udes. Molly O's path crosses that of j
ler father, and through the instrumenill
load of |
tality of fate, she is restored to his
it is difficult to relate the sum total
? ! dramatic and pathetic episodes container!
in this unique photoplay, hut it
can In- readily promised that all admirers
of !V'ary Pick ford will be greatly
pleased with this picture, not only will
they see their favorite in one of her
greatest characterizations, but a produc-'
tion that individually merits a prom
in cm piace amonj> me luicmuji icmuit
successes of the year. For beauty of
setting. effectiveness of the cast'^ com- :
polite contribution to the drama, and
Miss Pick ford's personal efforts. "The |
Foundling" cannot be surpassed.
Leslie's Arcade. Fridav. March 3.
World Film eof-poration presents the
five-part photoplay, based on the drama
of the same name by J. Du Rocher Macpherson.
-The story relates how Lord
Wimbourne, finding his wife, Lady Una,
in the embrace of a former lover, Captain
Bullock, refuses to listen to explanations
from his wife, from Pollock '
or from Lushington, a friend of the !
family, who had also been a former
suitor for the Lady Una's hand. Thus
he does not learn that Pollock, in a
drunken state, had forced his attentions
on Una, and that s-he had in no way
been untrue to her husband. Pollock,
bent on revenge after Wimbourne has
refused to listen to his apology, writes j
to the Lady Una. saying that her hus- j
band is ill and at the Red Lion Inn, and I
asks her to come at once. In great
distress she goes. On entering the room ,
in which s-he thinks her husband lies,
she finds herself again in the arms of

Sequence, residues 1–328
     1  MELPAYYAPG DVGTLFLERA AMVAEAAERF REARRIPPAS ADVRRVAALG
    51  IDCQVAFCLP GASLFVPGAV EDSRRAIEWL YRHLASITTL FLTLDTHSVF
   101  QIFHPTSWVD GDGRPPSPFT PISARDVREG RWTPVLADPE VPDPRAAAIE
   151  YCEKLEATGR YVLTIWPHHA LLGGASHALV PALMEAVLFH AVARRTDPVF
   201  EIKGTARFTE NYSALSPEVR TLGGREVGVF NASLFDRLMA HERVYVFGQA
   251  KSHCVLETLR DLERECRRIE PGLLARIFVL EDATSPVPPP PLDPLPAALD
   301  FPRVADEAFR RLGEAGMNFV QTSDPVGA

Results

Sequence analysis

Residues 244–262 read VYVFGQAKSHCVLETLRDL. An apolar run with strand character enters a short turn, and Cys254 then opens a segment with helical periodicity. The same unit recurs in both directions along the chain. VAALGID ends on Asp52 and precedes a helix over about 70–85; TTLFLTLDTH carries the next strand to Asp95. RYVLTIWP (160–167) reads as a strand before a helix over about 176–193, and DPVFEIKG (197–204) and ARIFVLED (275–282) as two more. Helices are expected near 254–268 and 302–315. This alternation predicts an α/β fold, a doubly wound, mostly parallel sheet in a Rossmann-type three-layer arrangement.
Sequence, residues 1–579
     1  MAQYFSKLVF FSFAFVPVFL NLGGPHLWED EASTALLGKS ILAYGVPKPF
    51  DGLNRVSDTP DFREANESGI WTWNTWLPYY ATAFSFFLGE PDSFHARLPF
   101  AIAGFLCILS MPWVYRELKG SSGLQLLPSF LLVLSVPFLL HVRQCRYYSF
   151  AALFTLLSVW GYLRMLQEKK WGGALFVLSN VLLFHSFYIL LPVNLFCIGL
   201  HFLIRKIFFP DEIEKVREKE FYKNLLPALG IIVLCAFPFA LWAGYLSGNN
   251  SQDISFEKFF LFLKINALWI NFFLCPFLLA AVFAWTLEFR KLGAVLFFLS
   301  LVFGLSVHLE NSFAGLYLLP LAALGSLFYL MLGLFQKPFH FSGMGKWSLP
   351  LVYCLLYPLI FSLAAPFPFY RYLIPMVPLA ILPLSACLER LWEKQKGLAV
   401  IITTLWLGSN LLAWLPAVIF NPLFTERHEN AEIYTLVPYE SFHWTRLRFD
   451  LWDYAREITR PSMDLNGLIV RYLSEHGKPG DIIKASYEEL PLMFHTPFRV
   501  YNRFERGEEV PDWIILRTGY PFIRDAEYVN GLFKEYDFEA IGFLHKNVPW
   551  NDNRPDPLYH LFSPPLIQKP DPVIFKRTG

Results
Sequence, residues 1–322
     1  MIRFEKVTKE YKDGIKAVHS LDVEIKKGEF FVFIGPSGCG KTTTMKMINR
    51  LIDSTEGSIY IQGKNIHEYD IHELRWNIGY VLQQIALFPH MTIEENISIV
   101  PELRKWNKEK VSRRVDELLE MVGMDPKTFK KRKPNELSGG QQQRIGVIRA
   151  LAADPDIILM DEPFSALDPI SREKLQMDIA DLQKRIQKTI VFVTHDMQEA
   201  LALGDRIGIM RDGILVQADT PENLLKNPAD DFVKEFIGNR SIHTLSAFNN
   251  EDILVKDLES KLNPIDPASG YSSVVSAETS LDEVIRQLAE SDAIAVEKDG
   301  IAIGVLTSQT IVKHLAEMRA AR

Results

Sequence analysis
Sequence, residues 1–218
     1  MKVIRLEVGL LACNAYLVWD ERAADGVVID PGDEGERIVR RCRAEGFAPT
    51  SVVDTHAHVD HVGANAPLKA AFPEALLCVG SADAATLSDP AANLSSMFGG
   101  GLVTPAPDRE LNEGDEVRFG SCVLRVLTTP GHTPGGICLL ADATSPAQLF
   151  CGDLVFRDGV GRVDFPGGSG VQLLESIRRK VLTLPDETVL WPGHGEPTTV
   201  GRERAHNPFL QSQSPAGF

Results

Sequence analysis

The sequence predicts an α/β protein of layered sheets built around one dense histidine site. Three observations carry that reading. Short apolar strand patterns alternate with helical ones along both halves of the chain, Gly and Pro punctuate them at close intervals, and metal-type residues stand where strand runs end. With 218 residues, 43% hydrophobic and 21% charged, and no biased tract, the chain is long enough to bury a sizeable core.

her former suitor. Determined to
throw hers^Jf from the window if Pol
Also some <
At My J
w 7*ii nr_ i__ o
w ill i ane r
Monday t i
lock does not let her go. she is about
to carry out her threat when she hears
her husband's voice. Wimbourne, hav-!
ing found that his wife has gone to
the inn, has followed her. Breaking
down the door, he finds Una in a faint.
Pollock and Una are left to face disgrace.
The dishonorable captain immediately
leaves for the war.
After the divorce Lushington, a true
friend of both Lord and Lady Wimbourne,
tries to bring about a reconciliat;
'ii through "Bing." their little son.!
Vim bourne refuses to be reconciled,
and tells the Lady Una that he will i
m;-.rry Mrs. Ebengham, a sctiemer, wno :
lias done her best to further the gap
between them. It is only after Una j
has again refused Lushington, and he
has gone to India to forget his sorrow,
that evidence is produced to prove Una's
guiltlessness. Lushington comes across
Pollock, who is ill. The captain signs
a written confession exonerating UnaReturning
with the document, Lushington
finds happiness, although he realizes
Vna iimII nprr hp able to ftilfill the i
LI id I. ilV IMI1 - ?
greatest longing of his heart to have
the Lady Una as his wife.
Will be presnted at Opera House flues- j
day, February 29, matinee and night !
Prices 5 and 10 cents.
LITTLE 3DSS LEVEE. ;
Washington, Feb. 19.?There is today
a new member of the South Carolina
delegation in the house, little Miss Lever,
daughter of Congressman and Mrs. A.
F. Lever, who arrived early this morning.
The young lady is already making ;
her weight felt her. :pping the scales j
at eight pounds. Mrs. I.^ver is at a lo- J
cal hospital and is doing well.
Subscribe to The Herald and News
rom Old Kei
that You I
lJs#?rl to Si
Hood Mares an<
TO SEE 1
leasure in Show
i m y
^,. ' V -
sb. 28th j
DAVID FRANCIS GOES TO RUSSIA
Washington, Feb. 22.?David R. Francis,
former governor of Missouri, who
has been offered the ambassadorship to
RiK?i:i rrmtVrrerl with \ViI?
son and Secretary Lansing. It is understood
lie will accept the place, although
he said when leaving the white
house that he still had it under consideration.
Grant Six is the most easily
handled six in the world.
It is not only easy to steer
?easy riding?easy to care
for?easv to buy?but it is
always easy on your pocket
book. Because Grant Six is
both light and right, it is
easy on tires?easy on gasoline,
oils and repairs.
Owner* average over 20
miles to cation of gu-manr
get as high as 28 miles.
And Grant Six sticks to the road.
No matter how much you plan to
spend, see the Grant Six.
A. .J. 'HOLT, Agent,
Wbitmire, S. C.
ing Them to